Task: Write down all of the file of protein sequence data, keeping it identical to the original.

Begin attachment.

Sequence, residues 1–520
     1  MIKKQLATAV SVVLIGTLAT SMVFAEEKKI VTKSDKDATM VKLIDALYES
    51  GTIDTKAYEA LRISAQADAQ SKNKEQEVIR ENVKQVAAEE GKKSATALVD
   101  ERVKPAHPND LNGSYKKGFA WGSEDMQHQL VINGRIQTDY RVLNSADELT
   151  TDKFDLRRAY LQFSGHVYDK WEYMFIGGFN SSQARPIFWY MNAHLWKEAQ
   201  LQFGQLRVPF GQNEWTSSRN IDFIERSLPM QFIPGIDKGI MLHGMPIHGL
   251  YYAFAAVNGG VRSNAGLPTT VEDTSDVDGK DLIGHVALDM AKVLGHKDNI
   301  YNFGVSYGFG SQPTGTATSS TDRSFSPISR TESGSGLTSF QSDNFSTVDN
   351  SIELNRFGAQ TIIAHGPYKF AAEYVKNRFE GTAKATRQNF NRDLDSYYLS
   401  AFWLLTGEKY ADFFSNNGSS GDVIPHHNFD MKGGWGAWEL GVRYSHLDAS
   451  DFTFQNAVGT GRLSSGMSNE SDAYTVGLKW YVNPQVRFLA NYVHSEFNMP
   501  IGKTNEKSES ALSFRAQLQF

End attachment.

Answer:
Sequence, residues 1–520
     1  MIKKQLATAV SVVLIGTLAT SMVFAEEKKI VTKSDKDATM VKLIDALYES
    51  GTIDTKAYEA LRISAQADAQ SKNKEQEVIR ENVKQVAAEE GKKSATALVD
   101  ERVKPAHPND LNGSYKKGFA WGSEDMQHQL VINGRIQTDY RVLNSADELT
   151  TDKFDLRRAY LQFSGHVYDK WEYMFIGGFN SSQARPIFWY MNAHLWKEAQ
   201  LQFGQLRVPF GQNEWTSSRN IDFIERSLPM QFIPGIDKGI MLHGMPIHGL
   251  YYAFAAVNGG VRSNAGLPTT VEDTSDVDGK DLIGHVALDM AKVLGHKDNI
   301  YNFGVSYGFG SQPTGTATSS TDRSFSPISR TESGSGLTSF QSDNFSTVDN
   351  SIELNRFGAQ TIIAHGPYKF AAEYVKNRFE GTAKATRQNF NRDLDSYYLS
   401  AFWLLTGEKY ADFFSNNGSS GDVIPHHNFD MKGGWGAWEL GVRYSHLDAS
   451  DFTFQNAVGT GRLSSGMSNE SDAYTVGLKW YVNPQVRFLA NYVHSEFNMP
   501  IGKTNEKSES ALSFRAQLQF